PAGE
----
For Undergraduate Research Week, we’re featuring interviews with our senior honors thesis students about their work in progress.
What encouraged you to get involved in research?
I had a very encouraging discussion with the professor who is advising me now! I thought it would be exciting to take on a long-term project and invest such a significant amount of time and energy focused on one thing.
Briefly, what is your research about?
My research explores the genealogy and history of Japanese women’s language, with a particular focus on the control of women’s language carried out through conduct manuals in the Edo period.
What do you like most about your work?
I have really enjoyed the time in between bouts of intense reading and research where I have been able to just freely think about all of the information I’ve absorbed and explore new paths through the material mentally. I’ve definitely made most of my major structural and argumentative breakthroughs while thinking about my sources in the shower or while walking to school.
What is the most valuable lesson you’ve learned from this experience (so far)?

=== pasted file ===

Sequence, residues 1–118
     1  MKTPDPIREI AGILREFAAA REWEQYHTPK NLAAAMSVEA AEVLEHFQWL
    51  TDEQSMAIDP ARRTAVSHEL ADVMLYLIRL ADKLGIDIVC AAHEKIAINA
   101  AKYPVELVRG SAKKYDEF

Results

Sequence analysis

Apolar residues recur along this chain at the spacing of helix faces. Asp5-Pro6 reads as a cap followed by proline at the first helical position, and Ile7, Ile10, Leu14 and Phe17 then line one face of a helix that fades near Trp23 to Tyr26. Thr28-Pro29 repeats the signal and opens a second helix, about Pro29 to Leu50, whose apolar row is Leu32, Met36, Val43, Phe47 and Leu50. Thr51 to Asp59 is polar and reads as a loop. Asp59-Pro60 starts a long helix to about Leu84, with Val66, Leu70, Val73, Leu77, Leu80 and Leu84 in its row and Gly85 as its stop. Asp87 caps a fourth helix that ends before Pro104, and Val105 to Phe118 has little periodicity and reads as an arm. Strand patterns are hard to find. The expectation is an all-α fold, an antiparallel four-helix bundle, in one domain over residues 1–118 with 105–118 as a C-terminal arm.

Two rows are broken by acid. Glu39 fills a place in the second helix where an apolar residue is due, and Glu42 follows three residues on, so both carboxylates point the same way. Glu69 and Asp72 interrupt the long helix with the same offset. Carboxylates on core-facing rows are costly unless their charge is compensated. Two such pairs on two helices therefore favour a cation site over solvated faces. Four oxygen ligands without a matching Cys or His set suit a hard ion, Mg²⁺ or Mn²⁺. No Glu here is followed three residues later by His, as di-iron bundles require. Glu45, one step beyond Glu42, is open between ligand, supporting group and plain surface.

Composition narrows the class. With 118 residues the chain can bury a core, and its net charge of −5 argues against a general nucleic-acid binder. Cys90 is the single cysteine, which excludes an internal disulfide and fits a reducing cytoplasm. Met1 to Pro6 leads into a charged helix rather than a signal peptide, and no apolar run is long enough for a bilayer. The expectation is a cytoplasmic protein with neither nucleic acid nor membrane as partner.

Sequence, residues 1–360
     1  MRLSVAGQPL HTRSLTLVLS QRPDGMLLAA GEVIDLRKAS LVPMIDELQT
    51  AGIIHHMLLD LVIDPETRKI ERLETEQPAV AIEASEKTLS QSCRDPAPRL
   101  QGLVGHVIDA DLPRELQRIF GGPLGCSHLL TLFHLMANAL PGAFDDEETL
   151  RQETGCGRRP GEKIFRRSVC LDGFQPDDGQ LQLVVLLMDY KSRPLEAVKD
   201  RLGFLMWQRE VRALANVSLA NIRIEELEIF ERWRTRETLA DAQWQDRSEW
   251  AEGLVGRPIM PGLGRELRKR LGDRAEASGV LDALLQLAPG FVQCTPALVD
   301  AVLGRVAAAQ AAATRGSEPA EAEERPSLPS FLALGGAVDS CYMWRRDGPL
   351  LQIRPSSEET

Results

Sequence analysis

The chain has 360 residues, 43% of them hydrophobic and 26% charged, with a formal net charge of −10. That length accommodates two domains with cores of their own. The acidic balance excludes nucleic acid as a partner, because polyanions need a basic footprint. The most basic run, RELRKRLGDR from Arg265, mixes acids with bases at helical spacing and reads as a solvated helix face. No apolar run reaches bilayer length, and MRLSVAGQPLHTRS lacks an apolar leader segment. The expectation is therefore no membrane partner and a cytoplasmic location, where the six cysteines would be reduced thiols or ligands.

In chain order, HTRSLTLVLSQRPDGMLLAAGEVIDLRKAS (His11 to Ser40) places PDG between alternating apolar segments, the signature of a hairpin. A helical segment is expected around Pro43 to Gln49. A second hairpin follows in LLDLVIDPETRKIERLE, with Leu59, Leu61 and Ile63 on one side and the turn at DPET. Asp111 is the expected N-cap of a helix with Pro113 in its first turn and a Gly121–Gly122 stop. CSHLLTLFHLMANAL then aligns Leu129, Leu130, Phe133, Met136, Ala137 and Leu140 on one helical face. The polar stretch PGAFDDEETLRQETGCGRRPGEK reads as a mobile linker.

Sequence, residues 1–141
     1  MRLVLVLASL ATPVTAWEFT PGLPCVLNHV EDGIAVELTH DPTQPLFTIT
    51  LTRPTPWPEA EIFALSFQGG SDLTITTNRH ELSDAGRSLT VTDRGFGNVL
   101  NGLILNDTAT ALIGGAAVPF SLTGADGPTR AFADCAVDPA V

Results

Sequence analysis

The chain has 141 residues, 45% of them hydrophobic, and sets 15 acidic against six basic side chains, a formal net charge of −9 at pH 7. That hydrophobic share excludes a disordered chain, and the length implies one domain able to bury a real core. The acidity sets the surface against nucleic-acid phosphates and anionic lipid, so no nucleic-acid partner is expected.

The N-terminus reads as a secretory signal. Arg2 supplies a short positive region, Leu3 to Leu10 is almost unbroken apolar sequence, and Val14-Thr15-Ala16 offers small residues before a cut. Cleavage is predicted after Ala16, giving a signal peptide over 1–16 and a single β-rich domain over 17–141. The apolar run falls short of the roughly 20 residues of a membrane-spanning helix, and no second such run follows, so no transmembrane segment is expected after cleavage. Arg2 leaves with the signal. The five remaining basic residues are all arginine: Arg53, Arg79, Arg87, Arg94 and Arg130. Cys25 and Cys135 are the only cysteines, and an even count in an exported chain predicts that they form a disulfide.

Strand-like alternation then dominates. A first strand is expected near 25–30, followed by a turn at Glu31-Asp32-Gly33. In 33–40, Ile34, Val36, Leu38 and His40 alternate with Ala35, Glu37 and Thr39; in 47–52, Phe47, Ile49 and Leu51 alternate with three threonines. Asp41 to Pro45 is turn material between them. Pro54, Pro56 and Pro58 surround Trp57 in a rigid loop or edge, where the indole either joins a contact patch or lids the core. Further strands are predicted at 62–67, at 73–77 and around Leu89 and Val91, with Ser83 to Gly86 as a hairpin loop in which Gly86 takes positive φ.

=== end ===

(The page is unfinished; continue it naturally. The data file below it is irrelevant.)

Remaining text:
It is important to work gradually and consistently in order to give yourself enough time/space to find things (ideas, sources) that are not immediately evident.
What has been the most difficult part of your research experience (so far)?
I am working with a very difficult body of primary source material, so I have been struggling to work through it and translate it efficiently while making sure I don’t overlook something important.
What do you want to do as a career, and do you think you might want a career that involves research?
My interests are pretty scattered, so the careers I’m considering range from speech-language pathologist to ceramicist to baker. But I think that no matter what I end up doing, I will inevitably find ways to incorporate research, because it is vital for forming deeper understanding and fostering creativity in any field.